"What I hope for most of my pieces is to have people get out of their sense of themselves ...."
-- Scott Snibbe
For more than a decade, Scott Snibbe has been combining interactive computer technology with Eastern philosophy to create artworks that are at once technologically sophisticated and hauntingly lyrical. In the Spark episode "Shaken and Stirred," get a glimpse of his recent work, including the large-scale interactive sculpture "Blow Up."
All of Snibbe's work depends upon the participation of its audience to work. Using a projector-camera-recorder loop and Snibbe's own recognition software, several of his pieces produce a kind of video based on participants' actions. "Cause and Effect" (at Rx Gallery in November 2004) allowed audience members to produce projected silhouettes that trace their own movements. In "Shy" (at the Exploratorium through February 2005), a projected geometrical form timidly withdrew from participants' advances.
Much of Snibbe's work finds its roots in ideas that come from Buddhism. Snibbe attends several classes a week at the Tse Chen Ling Center for Tibetan Buddhist Studies, in San Francisco. His concept of interactivity is closely related to the Buddhist belief that the central delusion of human existence is that each of us exists independently of everything else around us. Through their ceasing to exist without the input of participents, Snibbe's interactive works demonstrate that all things are connected.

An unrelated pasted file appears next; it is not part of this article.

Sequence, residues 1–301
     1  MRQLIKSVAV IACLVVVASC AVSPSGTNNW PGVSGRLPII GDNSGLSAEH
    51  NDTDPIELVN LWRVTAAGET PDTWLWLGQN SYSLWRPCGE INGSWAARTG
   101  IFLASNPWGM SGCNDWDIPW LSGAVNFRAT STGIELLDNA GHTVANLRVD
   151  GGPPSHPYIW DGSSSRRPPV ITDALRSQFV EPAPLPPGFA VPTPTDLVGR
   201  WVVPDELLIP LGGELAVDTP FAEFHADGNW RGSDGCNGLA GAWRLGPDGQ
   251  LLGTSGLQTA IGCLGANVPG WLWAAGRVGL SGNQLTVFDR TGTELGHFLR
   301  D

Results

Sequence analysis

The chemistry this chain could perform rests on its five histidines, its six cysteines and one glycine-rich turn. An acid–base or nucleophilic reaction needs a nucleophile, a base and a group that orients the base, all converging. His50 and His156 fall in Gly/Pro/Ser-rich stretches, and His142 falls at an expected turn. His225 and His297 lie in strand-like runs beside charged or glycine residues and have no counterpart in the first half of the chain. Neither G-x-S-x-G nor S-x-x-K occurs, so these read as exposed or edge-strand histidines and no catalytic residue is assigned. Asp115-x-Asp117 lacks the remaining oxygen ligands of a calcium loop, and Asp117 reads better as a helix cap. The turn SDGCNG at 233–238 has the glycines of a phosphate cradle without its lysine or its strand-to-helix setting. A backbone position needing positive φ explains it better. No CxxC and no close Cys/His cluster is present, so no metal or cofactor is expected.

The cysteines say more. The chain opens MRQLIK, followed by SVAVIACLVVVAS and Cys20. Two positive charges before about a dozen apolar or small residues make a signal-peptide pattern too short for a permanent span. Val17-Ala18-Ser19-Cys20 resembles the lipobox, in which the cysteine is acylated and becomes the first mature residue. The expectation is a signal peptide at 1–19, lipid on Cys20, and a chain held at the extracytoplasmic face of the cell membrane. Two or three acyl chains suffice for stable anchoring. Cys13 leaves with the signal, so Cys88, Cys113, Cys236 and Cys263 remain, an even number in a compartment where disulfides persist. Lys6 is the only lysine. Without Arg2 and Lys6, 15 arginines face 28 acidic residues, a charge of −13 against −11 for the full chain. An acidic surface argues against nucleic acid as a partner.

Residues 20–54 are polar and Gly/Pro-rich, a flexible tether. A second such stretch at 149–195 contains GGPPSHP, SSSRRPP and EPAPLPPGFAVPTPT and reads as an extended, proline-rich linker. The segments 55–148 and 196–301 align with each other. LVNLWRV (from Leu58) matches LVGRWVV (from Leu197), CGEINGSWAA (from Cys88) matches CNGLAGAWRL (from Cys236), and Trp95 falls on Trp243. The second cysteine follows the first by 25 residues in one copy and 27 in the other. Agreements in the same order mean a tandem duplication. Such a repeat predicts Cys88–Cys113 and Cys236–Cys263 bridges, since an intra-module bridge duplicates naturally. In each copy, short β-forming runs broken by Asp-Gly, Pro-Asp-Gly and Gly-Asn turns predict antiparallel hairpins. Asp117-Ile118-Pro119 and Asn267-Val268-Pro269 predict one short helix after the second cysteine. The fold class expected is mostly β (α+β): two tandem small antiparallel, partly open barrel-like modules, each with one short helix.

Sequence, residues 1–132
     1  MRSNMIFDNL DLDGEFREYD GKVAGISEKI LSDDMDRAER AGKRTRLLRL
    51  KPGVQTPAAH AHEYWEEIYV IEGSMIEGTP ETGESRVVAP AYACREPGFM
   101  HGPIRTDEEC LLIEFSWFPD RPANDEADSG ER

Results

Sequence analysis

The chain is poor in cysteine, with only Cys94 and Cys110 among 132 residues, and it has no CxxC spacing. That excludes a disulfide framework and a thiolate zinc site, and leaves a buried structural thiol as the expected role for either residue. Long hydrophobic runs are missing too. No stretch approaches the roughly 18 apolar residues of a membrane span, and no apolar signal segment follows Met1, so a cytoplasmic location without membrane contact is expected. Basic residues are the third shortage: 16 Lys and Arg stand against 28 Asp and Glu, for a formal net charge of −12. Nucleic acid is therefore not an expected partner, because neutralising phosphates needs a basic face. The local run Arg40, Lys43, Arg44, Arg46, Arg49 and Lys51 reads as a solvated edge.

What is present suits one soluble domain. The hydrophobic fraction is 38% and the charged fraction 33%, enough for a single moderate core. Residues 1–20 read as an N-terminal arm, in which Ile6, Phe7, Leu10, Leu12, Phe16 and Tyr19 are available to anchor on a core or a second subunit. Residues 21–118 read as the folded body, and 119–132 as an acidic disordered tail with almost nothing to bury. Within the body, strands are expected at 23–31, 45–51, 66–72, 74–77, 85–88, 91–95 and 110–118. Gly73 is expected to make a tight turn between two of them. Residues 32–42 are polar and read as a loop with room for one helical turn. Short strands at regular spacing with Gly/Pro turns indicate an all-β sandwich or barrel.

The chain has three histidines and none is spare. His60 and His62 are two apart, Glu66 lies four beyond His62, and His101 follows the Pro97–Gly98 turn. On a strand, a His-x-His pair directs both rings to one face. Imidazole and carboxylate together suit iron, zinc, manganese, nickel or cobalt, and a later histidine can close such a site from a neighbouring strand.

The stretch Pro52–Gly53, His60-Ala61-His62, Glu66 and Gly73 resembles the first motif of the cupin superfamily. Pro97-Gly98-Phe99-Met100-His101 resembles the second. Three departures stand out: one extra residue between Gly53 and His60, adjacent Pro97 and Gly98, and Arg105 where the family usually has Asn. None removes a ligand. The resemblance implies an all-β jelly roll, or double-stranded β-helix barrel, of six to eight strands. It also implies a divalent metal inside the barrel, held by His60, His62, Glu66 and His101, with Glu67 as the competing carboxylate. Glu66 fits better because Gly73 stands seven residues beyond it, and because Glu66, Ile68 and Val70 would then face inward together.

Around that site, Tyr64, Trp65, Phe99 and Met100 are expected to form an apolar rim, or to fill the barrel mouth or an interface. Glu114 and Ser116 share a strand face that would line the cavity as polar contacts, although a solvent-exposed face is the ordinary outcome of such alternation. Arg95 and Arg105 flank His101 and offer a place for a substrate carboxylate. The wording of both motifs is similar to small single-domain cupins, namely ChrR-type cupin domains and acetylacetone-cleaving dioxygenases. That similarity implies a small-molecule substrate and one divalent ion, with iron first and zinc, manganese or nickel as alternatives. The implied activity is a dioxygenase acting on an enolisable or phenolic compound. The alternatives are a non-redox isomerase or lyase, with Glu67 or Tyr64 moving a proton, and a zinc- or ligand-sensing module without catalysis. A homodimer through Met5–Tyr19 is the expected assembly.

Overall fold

Designed for the Yerba Buena Center for the Arts, "Blow Up" is Snibbe's first large-scale sculptural piece. It is conceptually continuous with the works that came before it. Participants can blow into a set of sensors, which then activates a corresponding grid of industrial fans. Through the movement of the fans, the participant's breath is both represented and amplified. The piece links breath to wind, connecting the personal with the cosmic, the inside of the body with the space that surrounds it, and demonstrating the lack of difference between the two.
Scott Snibbe's work has been shown internationally at venues that include the InterCommunications Center, Tokyo; Ars Electronica, Linz, Austria; Eyebeam, New York City; New Langton Arts, San Francisco; ICA, London; and The Kitchen, New York City. He holds B.A. degrees in computer science and fine art, and an M.A. in computer science from Brown University. Snibbe studied experimental animation at the Rhode Island School of Design and has taught media art and experimental film at Brown University, The RISD and UC Berkeley. He has held research positions at Adobe Systems and Interval Research.
Also on KQED.org this week ...
Drought Watch 2015: Record-Low Sierra Snowpack
The Sierra Nevada snowpack, which typically supplies nearly a third of California's water, is showing the lowest water content on record: 6 percent of the long-term average for April 1. That shatters last year's low-water mark of 25 percent (tied with 1977).
"Boomtown" History of the San Francisco Bay Area
KQED's "Boomtown" series will seek to identify what is happening in real time in the current boom, and also draw out the causes and possible solutions to the conflicts and pressures between the old and the new.